Effect of NOM characteristics on brominated organics formation by ozonation.Environ Int. 2004 Feb; 29(8):1049-55.EI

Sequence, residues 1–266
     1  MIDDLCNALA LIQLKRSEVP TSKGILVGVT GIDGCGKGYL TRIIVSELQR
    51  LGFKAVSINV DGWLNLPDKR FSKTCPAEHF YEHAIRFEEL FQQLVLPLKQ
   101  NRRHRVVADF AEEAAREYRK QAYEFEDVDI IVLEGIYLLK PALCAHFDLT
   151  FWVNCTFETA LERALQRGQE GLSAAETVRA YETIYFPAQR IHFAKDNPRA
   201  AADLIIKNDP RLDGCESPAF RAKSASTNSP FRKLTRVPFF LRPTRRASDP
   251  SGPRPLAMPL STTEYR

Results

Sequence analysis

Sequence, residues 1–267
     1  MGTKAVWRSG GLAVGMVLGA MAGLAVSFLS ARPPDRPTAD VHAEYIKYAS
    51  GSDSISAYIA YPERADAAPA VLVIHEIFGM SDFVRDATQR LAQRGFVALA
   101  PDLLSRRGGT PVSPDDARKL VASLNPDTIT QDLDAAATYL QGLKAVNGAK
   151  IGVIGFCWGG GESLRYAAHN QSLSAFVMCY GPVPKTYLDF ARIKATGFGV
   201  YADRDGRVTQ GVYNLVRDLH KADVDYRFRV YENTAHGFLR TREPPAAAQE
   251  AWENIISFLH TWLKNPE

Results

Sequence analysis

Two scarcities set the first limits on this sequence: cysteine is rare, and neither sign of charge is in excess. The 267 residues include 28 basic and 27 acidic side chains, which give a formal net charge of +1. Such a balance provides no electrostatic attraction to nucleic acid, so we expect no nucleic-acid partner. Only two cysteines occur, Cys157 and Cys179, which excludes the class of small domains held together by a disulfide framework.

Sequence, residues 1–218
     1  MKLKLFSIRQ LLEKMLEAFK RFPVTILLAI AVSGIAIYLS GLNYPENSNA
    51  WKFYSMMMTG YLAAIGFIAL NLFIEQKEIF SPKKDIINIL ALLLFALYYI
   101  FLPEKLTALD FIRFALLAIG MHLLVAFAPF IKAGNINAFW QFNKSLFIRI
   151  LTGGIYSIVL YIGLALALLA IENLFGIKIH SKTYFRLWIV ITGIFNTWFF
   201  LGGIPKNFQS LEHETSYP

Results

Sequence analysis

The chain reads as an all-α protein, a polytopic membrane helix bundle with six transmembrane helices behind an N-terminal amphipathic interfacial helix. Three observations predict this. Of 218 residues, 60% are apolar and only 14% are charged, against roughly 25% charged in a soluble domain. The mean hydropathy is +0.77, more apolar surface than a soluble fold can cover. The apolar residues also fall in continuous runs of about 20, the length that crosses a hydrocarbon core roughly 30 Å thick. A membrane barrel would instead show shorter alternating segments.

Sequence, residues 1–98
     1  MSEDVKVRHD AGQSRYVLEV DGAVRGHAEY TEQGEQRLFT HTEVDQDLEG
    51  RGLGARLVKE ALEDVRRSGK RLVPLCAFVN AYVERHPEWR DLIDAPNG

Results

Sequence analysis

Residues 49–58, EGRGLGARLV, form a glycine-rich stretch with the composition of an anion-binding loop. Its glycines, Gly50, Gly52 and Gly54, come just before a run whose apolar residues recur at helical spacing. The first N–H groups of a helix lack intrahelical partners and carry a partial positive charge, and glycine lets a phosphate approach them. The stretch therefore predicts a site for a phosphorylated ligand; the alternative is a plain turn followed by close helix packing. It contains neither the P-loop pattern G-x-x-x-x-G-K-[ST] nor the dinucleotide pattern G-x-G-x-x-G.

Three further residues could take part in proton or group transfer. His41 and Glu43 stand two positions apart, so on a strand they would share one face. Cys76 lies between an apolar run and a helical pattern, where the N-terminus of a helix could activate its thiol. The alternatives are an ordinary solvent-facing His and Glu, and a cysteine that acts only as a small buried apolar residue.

In this study, organic fractions, namely, humic acid, fulvic acid, hydrophobic base and neutral, and hydrophilic acid, base, and -neutral, were extracted from source water. First, the characteristics of the organic fractions, such as carboxylic acidity, phenolic acidity, ultraviolet absorbance, and aromatic content, were analyzed. Further, a systematic study was carried out to the by-products obtained when organic fractions, to which various amounts of bromide had been added, were oxidized with ozone. Samples after ozonation were analyzed for several brominated organics. The results indicate that the characteristics of the aquatic organic matter, including carboxylic/phenolic acidity, aromatic/aliphatic content, and ultraviolet absorbance, appear to affect the formation of halogenated organics. In general, hydrophobic organics having higher phenolic acidity, aromatic content, and ultraviolet absorbance have higher ozone consumption and produce higher concentrations of brominated organics than hydrophilic organics. It was also found that humic acid demonstrated the highest bromoform (CHBr(3)), dibromoacetic acid (DBAA), and 2,4-dibromophenol (2,4-DBP) formation, whereas hydrophilic neutral produced less CHBr(3) and 2,4-DBP than the rest of the organic fractions but produced the highest amount of dibromoacetone (DBAC) and dibromoacetonitrile (DBAN).